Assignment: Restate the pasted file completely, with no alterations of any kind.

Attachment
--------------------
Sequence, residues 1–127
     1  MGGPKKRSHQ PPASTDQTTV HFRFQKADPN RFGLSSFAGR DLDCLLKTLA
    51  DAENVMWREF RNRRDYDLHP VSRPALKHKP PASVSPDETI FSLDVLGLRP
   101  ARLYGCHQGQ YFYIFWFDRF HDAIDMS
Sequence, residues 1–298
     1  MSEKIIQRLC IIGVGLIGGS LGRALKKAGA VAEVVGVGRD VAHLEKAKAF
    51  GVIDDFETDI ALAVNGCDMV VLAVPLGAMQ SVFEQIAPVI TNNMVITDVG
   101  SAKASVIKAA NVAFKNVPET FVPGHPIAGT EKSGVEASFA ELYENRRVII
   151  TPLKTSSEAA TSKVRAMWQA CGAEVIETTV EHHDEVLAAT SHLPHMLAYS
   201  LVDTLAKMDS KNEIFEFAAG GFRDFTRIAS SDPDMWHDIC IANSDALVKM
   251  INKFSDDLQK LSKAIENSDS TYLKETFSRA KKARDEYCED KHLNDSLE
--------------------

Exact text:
Sequence, residues 1–127
     1  MGGPKKRSHQ PPASTDQTTV HFRFQKADPN RFGLSSFAGR DLDCLLKTLA
    51  DAENVMWREF RNRRDYDLHP VSRPALKHKP PASVSPDETI FSLDVLGLRP
   101  ARLYGCHQGQ YFYIFWFDRF HDAIDMS
Sequence, residues 1–298
     1  MSEKIIQRLC IIGVGLIGGS LGRALKKAGA VAEVVGVGRD VAHLEKAKAF
    51  GVIDDFETDI ALAVNGCDMV VLAVPLGAMQ SVFEQIAPVI TNNMVITDVG
   101  SAKASVIKAA NVAFKNVPET FVPGHPIAGT EKSGVEASFA ELYENRRVII
   151  TPLKTSSEAA TSKVRAMWQA CGAEVIETTV EHHDEVLAAT SHLPHMLAYS
   201  LVDTLAKMDS KNEIFEFAAG GFRDFTRIAS SDPDMWHDIC IANSDALVKM
   251  INKFSDDLQK LSKAIENSDS TYLKETFSRA KKARDEYCED KHLNDSLE